A Picture Book Poetry Lesson from WritingFix

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What If... Poems

developing imaginative stanzas for an original poem inspired by well-worded what if questions

The writing of author Regina J. Williams is currently inspiring student writers to try new techniques with the traits of word choice and idea development.Join us in teaching (and adapting) this on-line lesson and sharing your students' work.

You can publish up to three of your students' edited and finished poems at this page.

Use these samples to inspire your student writers! Discussing the strengths of published student samples before, while, and after using this on-line assignment is important. If your students are engaged in trait- or skill-inspired discussions about any of the samples we've posted here, they will produce better writing, especially if you help them take their writing all the way through the writing process.

Thank you, those who share their students' writing with us.


Additional Student Samples Being Sought:
Grades 2, 7, 9, 11, 12

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WritingFix is currently seeking additional student samples from this writing assignment that can be featured in this space. Submitted student work must show evidence of revision, editing, and the final draft must be typed and sent through e-mail.

To have us consider your students' writing for inclusion on this page, you must post the writing to our Ning page dedicated to this lesson. Click here to access that page. You must first be a member of the Writing Lesson of the Month Network in order to post.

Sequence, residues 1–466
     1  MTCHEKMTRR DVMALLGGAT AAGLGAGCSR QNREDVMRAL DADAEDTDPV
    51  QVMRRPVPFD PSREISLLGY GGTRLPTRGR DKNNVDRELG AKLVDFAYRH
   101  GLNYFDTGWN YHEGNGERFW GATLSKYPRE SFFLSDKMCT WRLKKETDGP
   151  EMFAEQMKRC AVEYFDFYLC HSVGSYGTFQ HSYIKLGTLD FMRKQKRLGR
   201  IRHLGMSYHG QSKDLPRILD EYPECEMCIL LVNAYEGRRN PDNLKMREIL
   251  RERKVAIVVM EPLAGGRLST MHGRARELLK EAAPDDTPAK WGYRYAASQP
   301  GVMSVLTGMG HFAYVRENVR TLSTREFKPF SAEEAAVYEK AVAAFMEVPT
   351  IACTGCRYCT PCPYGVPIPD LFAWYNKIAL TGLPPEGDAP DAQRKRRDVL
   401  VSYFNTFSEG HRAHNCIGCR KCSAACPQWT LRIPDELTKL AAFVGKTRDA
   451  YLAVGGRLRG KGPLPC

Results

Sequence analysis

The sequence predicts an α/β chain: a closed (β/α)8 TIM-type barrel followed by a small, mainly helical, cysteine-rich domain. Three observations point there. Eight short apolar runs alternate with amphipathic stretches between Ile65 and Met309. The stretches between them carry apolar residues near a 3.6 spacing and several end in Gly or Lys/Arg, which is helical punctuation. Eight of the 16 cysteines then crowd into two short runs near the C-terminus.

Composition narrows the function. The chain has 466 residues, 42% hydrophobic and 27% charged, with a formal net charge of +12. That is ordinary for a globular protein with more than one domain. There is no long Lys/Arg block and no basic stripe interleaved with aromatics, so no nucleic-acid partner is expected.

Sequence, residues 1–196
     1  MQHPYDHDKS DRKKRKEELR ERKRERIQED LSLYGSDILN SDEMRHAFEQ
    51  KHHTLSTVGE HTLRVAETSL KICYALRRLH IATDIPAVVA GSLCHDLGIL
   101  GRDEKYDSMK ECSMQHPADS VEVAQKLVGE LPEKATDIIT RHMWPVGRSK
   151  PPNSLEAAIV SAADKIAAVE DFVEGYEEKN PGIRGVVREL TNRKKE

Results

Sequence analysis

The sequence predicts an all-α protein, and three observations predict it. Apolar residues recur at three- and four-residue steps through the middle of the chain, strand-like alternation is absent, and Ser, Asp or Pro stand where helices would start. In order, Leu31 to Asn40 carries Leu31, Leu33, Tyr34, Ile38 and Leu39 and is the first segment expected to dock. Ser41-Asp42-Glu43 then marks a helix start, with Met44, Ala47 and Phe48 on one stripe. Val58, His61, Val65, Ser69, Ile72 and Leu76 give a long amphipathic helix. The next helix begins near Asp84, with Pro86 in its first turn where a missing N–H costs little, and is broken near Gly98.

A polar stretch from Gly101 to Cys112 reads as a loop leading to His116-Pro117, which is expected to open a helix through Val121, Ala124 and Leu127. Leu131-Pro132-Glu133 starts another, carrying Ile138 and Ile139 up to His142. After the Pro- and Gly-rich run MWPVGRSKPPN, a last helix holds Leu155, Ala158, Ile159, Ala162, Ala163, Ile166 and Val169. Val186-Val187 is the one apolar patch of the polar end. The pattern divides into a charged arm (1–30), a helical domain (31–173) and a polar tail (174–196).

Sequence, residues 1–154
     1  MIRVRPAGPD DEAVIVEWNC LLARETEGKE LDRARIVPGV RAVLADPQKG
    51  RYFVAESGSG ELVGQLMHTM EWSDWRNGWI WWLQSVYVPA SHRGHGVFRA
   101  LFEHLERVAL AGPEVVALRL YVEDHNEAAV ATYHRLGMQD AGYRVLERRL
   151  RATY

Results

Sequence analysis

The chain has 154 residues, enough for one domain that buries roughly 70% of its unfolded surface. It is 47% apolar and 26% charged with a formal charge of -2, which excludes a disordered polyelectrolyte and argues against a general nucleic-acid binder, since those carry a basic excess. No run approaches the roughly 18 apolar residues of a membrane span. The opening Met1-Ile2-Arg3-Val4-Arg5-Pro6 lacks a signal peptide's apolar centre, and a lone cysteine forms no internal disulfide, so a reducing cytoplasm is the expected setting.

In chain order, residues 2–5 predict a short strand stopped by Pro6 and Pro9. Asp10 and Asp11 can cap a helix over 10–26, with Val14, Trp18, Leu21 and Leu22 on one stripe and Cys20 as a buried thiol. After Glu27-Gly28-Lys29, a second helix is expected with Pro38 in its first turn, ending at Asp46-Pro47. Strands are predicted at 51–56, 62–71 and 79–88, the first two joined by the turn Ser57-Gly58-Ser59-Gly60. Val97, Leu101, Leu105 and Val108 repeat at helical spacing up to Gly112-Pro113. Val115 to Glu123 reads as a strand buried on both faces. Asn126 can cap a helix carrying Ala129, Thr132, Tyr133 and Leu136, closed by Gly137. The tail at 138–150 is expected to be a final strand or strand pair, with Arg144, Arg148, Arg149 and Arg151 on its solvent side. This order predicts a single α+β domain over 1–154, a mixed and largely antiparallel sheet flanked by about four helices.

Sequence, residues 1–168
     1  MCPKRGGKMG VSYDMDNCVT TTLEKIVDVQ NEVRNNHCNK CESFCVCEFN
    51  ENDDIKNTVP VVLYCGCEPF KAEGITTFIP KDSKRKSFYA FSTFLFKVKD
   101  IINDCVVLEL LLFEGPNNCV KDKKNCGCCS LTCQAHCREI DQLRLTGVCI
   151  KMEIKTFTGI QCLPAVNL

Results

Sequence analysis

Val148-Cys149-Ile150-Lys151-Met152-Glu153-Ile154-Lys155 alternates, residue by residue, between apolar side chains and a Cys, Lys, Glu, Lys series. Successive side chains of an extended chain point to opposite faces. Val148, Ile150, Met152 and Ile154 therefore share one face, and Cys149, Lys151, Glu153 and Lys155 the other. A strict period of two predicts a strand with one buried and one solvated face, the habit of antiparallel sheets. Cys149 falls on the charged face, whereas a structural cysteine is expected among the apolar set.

Student Samples: Elementary

What if Bikes Could Fly…?
by Kellyn, third grade poet  

What if bikes could fly to Hawaii,
Then landed on a landing zone at the airport
And as they pedaled into the airport,
A nice Hawaiian lady put a lei on their handlebars?

What if bikes could get a suntan and
While they got a suntan their nice blue paint
Turned into a beating red?
And what if bikes could splash in the rapid waves?

What if bikes could go to a fancy rainforest dinner in Hawaii?
Then they would put their beautiful tassels on.
What if I got a bike and could ride it to Hawaii?
That would be very special.

(Click here to open/print Kellyn and a classmate's poems to share with your own third grade students.)

by Hunter, fourth grade poet

What if rabbits quickly danced while having a wine party,
And jumped from the sound of my pen,
As soon as they chugged wine?

What if horses ate mayonnaise soufflé,
Quickly meeting the rabbits,
Until the horses chugged wine?

What if pigs, scared by the mayonnaise and wine,
Happily ate ice cream
While the rabbits loudly menaced.

What if geese, amazed by the strangeness,
Asked the writer to change it,
Even if the geese were wrong about the decision,
And the writer said, “NO!”

And what if the writer never put imagination,
Creativity, or freedom into this poem...
And if the geese won the fortune of others...
What if, oh, what if?

(Click here to open/print Hunter and a classmate's poems to share with your own fourth grade students.)

by Jayson, fifth grade poet

What if dogs ran the world and they held the
Leashes that held us